I work at home, so I’m prone to all of the easiest temptations, all of the time. Here are a few things that I do to stay on task for at least 6-8 hours a day.
–chill, inobtrusive music sometimes paired with ambient noise, which I feel is really good for transporting yourself to a work zone and minimizing distractions, especially if you have over-ear headphones. Sounds like you already have some appropriate music.
–a task manager. Something like Asana where you can neatly sort and keep track of different types of work. I also have a post-it or txt file every day visible on my desktop that is a list of the things I absolutely HAVE to get done. Once that list is empty, I feel free, and I think I really do strive to make it empty. If I finish everything early, I even let myself off early.
–a cutoff for “work time”. Possibly the most vital thing in a freelance or work-at-home situation, that work-life balance. This might not be as relevant if you are having to do work around the edges of a day job. At that point you may be sacrificing “off” time to be on. My absolute cutoff is 11 PM–I telecommute to a company on the west coast and I’m on the east coast, so I at least stay ready to go until 8 PM their time. If I do work after 11 PM, it better be for fun personal stuff.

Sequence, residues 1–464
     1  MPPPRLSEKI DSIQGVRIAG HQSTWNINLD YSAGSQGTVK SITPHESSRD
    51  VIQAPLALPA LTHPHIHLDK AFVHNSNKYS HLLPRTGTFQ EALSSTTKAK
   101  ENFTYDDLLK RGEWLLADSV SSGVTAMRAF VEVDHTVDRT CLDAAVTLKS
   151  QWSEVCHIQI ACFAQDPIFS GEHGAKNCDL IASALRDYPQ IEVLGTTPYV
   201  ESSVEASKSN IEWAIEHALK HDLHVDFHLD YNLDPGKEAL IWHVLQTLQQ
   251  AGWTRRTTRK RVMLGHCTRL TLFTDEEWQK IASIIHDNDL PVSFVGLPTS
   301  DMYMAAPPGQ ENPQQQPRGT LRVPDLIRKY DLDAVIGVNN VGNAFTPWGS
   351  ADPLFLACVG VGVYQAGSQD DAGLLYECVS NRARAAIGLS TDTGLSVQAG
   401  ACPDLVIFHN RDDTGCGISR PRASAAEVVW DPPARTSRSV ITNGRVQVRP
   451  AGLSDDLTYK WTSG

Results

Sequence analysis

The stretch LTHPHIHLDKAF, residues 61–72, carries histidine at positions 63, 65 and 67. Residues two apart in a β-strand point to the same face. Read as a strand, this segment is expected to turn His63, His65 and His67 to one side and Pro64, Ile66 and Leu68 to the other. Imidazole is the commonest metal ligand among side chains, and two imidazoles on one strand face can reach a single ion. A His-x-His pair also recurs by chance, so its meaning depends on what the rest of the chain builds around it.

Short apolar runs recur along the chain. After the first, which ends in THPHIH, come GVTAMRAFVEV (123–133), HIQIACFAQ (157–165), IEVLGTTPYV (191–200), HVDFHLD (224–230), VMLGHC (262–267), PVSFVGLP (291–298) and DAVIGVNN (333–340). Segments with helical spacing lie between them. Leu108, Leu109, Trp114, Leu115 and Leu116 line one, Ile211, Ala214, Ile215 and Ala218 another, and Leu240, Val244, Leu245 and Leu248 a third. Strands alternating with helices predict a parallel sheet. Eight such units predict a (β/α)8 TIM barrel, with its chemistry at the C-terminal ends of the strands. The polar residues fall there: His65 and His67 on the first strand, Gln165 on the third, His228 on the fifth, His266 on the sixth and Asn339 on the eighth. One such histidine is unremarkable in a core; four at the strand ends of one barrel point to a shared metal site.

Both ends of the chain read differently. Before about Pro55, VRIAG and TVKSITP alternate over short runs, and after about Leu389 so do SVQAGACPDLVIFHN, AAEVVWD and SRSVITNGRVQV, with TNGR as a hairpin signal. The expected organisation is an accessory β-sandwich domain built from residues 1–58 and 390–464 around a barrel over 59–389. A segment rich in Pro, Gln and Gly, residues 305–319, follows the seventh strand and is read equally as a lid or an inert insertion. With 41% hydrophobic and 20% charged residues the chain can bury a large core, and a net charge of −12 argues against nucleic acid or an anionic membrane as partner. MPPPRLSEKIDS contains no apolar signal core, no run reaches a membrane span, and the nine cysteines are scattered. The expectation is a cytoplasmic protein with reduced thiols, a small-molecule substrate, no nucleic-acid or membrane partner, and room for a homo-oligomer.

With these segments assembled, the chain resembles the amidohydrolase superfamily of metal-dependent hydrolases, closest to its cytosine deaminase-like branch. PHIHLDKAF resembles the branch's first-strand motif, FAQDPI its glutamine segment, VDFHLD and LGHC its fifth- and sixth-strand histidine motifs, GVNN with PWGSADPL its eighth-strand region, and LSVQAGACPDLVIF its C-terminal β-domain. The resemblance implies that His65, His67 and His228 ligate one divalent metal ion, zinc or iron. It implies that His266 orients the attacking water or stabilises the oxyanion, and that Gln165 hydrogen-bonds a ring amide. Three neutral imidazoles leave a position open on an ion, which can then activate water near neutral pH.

–an escape route. Like a coffee shop or library. I probably spend two three-hour blocks of time per week at a coffee shop. There’s something about being around peaceful strangers and just out of your comfortable zone that can be really good for focusing.
–knowing your limits. Take breaks, don’t be afraid to admit you can’t do something today or ever, instead of beating your head against it. Treat yourself when you can, especially if a day of work seems to be a total waste right from the start–just think of how you can turn it into a positive. It will make all your next days better. With creative work especially, you never know when inspiration will strike and you can’t just wait by the well for it; that’s no way to live.